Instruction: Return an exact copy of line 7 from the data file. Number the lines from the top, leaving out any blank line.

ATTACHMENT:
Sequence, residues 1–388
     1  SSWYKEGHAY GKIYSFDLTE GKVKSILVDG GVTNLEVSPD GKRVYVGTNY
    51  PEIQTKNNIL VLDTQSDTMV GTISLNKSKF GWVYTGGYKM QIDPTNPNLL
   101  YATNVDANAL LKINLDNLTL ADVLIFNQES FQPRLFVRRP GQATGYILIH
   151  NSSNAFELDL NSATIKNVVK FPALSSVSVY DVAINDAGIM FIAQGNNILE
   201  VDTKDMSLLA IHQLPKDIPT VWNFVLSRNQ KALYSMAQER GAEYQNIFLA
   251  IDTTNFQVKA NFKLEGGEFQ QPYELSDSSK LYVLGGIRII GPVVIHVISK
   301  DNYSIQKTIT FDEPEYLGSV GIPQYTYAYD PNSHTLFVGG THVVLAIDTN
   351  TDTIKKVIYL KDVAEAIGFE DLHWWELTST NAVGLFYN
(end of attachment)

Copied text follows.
   251  IDTTNFQVKA NFKLEGGEFQ QPYELSDSSK LYVLGGIRII GPVVIHVISK